State lawmakers are considering a bill that would use Medicaid expansion funds to boost Oklahoma’s private-insurance subsidy program.
Insure Oklahoma provides health coverage for low-income, working residents or Oklahomans who don’t have employer-provided benefits.
The measure would require the Oklahoma Health Care Authority, the state’s Medicaid agency, to seek federal approval for a waiver to expand Insure Oklahoma. A Senate Committee approved the proposal Monday.
Sen. Greg McCortney, the bill’s sponsor, said Oklahoma would be able to obtain around $1.2 billion in federal dollars at a state cost of $141 million in the first year. He noted the state’s money would come from partnerships with providers.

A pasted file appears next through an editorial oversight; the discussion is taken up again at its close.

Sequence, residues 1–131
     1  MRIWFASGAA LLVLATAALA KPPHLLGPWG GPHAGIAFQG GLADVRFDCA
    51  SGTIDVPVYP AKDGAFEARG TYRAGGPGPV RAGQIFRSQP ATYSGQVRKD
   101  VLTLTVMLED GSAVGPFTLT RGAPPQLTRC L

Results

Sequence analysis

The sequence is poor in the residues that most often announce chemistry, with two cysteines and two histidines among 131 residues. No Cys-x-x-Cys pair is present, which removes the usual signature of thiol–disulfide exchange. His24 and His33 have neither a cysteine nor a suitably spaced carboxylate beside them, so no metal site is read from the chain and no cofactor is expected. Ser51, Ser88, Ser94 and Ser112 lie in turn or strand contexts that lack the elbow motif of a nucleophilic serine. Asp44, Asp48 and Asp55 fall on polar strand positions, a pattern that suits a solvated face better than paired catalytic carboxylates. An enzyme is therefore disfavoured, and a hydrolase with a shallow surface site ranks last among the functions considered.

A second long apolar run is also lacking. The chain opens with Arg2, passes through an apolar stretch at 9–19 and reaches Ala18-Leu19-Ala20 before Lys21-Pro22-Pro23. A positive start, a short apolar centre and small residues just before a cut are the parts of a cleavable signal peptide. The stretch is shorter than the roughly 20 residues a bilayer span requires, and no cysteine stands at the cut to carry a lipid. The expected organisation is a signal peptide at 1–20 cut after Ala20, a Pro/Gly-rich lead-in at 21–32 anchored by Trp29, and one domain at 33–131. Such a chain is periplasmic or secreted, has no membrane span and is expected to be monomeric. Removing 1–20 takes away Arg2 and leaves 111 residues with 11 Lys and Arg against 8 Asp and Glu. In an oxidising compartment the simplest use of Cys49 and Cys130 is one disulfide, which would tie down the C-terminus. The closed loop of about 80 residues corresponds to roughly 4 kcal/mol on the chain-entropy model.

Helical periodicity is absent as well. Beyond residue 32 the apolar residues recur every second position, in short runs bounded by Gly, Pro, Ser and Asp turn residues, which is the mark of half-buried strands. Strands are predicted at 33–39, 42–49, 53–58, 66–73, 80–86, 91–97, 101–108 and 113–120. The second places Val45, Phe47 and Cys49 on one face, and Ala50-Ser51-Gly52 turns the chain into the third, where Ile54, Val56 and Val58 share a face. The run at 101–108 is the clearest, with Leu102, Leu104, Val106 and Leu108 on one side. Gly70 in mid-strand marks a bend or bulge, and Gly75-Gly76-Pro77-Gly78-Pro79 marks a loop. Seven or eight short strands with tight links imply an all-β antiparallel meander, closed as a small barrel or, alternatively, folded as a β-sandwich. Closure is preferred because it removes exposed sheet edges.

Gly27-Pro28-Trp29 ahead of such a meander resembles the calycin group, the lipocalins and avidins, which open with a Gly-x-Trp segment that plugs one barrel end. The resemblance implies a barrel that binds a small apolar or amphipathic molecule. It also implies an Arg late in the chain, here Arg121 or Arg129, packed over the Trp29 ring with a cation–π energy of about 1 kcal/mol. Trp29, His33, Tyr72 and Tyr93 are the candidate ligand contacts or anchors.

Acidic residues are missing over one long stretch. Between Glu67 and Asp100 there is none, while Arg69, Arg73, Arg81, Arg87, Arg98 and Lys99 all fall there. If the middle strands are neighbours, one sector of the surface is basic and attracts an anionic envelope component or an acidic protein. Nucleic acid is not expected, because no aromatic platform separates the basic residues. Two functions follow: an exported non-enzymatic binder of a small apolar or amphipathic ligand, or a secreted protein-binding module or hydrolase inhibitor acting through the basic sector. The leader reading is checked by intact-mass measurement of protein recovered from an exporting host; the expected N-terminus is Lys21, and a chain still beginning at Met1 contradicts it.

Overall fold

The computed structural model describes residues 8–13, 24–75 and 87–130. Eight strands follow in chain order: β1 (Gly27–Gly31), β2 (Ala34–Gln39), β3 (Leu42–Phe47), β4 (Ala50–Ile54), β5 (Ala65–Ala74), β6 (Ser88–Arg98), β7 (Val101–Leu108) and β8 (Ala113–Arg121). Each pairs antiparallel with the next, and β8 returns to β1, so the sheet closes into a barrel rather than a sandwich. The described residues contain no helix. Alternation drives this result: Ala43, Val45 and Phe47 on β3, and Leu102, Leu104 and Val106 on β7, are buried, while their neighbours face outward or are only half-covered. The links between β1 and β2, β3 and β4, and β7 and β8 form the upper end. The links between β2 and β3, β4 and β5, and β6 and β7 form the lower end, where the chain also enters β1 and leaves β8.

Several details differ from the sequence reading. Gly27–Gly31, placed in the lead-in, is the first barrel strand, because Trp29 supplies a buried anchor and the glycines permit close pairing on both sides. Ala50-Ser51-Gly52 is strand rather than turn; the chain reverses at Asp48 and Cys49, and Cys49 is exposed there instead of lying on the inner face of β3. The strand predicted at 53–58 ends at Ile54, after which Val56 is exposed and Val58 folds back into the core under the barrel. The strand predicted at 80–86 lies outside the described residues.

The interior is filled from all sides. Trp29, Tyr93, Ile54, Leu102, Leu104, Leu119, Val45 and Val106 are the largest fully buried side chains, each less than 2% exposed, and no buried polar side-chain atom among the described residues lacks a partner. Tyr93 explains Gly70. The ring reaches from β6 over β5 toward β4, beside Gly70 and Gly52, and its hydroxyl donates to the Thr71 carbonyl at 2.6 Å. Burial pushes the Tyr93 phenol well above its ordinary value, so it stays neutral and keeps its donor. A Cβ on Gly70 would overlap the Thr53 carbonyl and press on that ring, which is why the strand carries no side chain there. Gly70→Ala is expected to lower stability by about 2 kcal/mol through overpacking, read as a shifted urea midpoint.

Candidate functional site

“I think this bill is timely,” he said. “We have an administration in (Washington) D.C. that has indicated it is willing to sign off on something like this instead of a Medicaid expansion program.”
If passed, the federal government would eventually provide a 90 percent match on state dollars.
McCortney said the proposal also includes a provision that would require the Legislature to decide on Insure Oklahoma’s future if the federal government ever decided to end Medicaid expansion.
Critics contend the proposal exploits federal flexibility to impose work requirements and utilize private insurers.
“It’s not a Medicaid expansion,” said Carly Putnam, a health care policy analyst at the Oklahoma Policy Institute. “It’s using the federal dollars intended for Medicaid expansion for a private, Oklahoma plan.”
Gov. Kevin Stitt said he’s open to considering Medicaid expansion under certain circumstances. But he will not approve any Medicaid expansion bill until he’s granted authority to hire a director of the state’s Health Care Authority.